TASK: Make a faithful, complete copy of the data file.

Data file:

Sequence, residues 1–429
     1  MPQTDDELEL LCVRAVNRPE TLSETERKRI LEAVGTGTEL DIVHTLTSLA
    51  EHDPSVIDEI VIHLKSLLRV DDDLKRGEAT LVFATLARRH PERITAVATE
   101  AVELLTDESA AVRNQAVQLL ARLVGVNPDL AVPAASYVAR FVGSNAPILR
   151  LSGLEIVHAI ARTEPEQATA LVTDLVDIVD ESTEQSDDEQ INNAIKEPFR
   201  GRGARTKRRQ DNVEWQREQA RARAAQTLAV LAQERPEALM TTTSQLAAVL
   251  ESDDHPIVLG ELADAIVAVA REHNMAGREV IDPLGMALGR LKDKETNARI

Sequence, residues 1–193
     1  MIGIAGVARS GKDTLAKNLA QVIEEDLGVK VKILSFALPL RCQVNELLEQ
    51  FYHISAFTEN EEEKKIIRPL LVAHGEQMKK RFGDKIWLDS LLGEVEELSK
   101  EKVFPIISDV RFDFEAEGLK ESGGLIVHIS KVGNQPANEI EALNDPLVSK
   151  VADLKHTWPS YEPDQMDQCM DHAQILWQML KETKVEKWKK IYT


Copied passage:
Sequence, residues 1–429
     1  MPQTDDELEL LCVRAVNRPE TLSETERKRI LEAVGTGTEL DIVHTLTSLA
    51  EHDPSVIDEI VIHLKSLLRV DDDLKRGEAT LVFATLARRH PERITAVATE
   101  AVELLTDESA AVRNQAVQLL ARLVGVNPDL AVPAASYVAR FVGSNAPILR
   151  LSGLEIVHAI ARTEPEQATA LVTDLVDIVD ESTEQSDDEQ INNAIKEPFR
   201  GRGARTKRRQ DNVEWQREQA RARAAQTLAV LAQERPEALM TTTSQLAAVL
   251  ESDDHPIVLG ELADAIVAVA REHNMAGREV IDPLGMALGR LKDKETNARI

Sequence, residues 1–193
     1  MIGIAGVARS GKDTLAKNLA QVIEEDLGVK VKILSFALPL RCQVNELLEQ
    51  FYHISAFTEN EEEKKIIRPL LVAHGEQMKK RFGDKIWLDS LLGEVEELSK
   101  EKVFPIISDV RFDFEAEGLK ESGGLIVHIS KVGNQPANEI EALNDPLVSK
   151  VADLKHTWPS YEPDQMDQCM DHAQILWQML KETKVEKWKK IYT